Many industry awards currently feature clauses that allow employers to instruct employees to take unpaid leave or utilize leave in advance if they don’t have enough annual leave to cover a temporary shutdown period, such as the Christmas and New Year break.

In August 2022, the Fair Work Commission (FWC) conducted a comprehensive review of these provisions and concluded that 78 awards should be revised to incorporate a model shutdown provision, which will replace the existing shutdown clauses found in those awards.

The rationale behind this change stem from the FWC’s assessment that such provisions are inconsistent with the Fair Work Act. It was deemed unfair for an employer to compel an employee to take unpaid leave during a shutdown period without any requirements for reasonableness, particularly when the employee has no entitlement to request or take leave without pay.

Updates to awards: a summary

New provisions apply from 1 May 2023 for many awards, that now specify:

  1. Employers must provided affected employess with a 28-day notice period,
  2. Reasonableness of requests and the ability to require staff to take Annual Leave or Leave Without Pay, and
  3. What occurs if a staff member does not have a sufficient Annual Leave balance.

If your award allows it, you can direct your employees to take annual leave or in some instances leave without pay:

  • During a temporary shutdown
  • Where the employee has accumulated excess annual leave.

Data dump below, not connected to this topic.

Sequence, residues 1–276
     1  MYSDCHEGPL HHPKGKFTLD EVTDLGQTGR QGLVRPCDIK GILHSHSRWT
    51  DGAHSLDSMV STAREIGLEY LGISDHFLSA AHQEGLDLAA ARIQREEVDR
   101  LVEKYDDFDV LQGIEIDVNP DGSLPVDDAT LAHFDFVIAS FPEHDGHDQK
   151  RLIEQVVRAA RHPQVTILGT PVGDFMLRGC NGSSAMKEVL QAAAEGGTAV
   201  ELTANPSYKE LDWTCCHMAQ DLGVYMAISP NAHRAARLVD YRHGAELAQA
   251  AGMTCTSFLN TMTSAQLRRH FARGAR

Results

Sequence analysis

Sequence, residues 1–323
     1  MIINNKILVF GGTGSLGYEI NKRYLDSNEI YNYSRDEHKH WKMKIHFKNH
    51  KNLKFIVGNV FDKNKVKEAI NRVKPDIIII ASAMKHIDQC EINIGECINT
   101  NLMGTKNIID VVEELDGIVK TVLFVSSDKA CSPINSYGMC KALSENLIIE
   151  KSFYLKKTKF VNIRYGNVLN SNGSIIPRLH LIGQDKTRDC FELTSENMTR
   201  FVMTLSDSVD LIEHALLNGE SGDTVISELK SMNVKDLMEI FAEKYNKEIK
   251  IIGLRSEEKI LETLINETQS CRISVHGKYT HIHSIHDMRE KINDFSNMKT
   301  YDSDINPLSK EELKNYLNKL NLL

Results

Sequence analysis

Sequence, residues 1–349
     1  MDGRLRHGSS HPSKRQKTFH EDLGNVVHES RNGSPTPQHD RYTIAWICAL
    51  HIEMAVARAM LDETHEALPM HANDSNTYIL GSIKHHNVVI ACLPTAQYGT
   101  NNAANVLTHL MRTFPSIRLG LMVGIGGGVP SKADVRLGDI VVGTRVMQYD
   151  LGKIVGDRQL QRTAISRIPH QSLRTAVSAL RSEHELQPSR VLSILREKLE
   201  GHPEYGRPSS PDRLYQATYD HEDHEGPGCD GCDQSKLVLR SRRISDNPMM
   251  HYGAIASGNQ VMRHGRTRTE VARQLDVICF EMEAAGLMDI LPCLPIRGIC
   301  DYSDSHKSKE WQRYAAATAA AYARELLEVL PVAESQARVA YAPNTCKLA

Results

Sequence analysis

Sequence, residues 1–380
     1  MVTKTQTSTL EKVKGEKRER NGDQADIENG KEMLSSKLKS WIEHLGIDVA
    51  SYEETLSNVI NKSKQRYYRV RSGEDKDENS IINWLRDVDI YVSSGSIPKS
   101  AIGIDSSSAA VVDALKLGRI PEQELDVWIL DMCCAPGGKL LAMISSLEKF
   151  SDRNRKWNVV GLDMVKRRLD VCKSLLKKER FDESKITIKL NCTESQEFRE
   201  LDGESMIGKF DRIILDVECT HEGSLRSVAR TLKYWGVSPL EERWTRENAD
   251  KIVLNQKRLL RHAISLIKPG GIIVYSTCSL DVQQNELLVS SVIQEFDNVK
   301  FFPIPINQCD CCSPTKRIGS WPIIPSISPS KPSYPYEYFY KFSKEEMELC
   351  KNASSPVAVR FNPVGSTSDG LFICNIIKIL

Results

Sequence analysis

For award free employees there are also some conditions to meet prior to requiring a staff member to take leave (paid or unpaid).

A Temporary Shutdown is different from a Stand Down and will affect entitlements differently and whether ordinary pay is to be maintained or not.

1. 28 Day Notice Period

Asking staff to take annual leave (or leave without pay if they don’t have entitlements) during a shutdown, must be in writing. Affected employees should be given at least 28-days written notice. Notice period may be shorter IF the majority of affected employees and their employer agrees.

Where a new employee is hired or commences within the 28 day notice period, they should be notified as soon as is reasonably practicable.

2. Reasonableness of the request

The written notice must outline the companies reasonable business grounds behind the decision for the temporary shutdown period. The business should also consider the leave balances of the employees in establishing these reasonable business grounds.

3. Insufficient Annual Leave Balances

If an employee does not have enough paid annual leave to cover all the days of the shutdown, the employee and employer can agree to consider:

  • Utilising Time in Lieu or RDO’s
  • Annual Leave in advance
  • Leave without Pay

Permanent employees must be paid for any public holidays that fall on a normal work day during any temporary shutdown period.

An employee will continue to accumulate annual leave during a shutdown period, unless they’re taking leave without pay.

Remember – paying above the Award does not exempt you from the provisions of the Award. Checking your Award and it’s clauses is a great way to ensure you meet your compliance requirements.

Not sure if this affects you or do you need a standard letter template to provide to your employees? Give Wendy our Director at GPHR a call, or send a quick email to discuss your requirements further: